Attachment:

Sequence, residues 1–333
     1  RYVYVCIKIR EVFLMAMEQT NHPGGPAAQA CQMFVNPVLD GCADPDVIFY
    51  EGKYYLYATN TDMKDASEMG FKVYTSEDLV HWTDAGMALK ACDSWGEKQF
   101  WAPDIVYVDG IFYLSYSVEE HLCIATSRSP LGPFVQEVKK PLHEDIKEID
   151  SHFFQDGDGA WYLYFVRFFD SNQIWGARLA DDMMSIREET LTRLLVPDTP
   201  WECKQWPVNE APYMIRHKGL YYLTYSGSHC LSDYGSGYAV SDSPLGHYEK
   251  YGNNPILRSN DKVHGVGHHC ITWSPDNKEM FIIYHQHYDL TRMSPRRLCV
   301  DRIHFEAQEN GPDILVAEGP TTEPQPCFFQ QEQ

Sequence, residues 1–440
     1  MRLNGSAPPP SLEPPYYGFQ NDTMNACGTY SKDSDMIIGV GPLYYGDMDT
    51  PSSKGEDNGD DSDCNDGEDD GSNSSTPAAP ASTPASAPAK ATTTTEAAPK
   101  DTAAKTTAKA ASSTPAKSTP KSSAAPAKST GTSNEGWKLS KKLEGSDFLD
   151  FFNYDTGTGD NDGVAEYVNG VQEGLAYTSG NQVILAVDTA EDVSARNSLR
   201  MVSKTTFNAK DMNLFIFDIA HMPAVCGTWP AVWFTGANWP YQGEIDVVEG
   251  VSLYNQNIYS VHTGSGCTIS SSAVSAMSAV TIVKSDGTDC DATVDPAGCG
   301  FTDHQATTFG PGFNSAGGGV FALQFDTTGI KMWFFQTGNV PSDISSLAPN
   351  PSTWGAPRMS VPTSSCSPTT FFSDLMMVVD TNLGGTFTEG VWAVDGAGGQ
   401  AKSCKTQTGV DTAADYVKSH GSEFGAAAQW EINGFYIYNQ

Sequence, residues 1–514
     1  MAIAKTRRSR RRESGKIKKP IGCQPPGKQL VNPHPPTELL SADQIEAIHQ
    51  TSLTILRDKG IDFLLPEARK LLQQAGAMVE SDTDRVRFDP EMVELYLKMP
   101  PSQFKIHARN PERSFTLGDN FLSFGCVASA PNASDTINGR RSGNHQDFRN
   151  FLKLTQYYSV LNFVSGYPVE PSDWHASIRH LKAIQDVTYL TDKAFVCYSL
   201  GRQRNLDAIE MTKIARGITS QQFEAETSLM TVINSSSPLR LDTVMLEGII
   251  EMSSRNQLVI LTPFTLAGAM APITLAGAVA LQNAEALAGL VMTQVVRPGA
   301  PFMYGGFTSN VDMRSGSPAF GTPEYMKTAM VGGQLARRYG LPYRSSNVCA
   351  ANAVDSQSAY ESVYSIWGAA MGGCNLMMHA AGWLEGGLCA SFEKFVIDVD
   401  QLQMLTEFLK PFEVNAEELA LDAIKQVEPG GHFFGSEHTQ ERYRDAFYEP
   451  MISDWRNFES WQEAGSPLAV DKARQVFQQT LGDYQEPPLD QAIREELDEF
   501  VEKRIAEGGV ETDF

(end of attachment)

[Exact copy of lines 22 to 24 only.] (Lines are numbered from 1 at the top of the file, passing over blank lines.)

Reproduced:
   101  PSQFKIHARN PERSFTLGDN FLSFGCVASA PNASDTINGR RSGNHQDFRN
   151  FLKLTQYYSV LNFVSGYPVE PSDWHASIRH LKAIQDVTYL TDKAFVCYSL
   201  GRQRNLDAIE MTKIARGITS QQFEAETSLM TVINSSSPLR LDTVMLEGII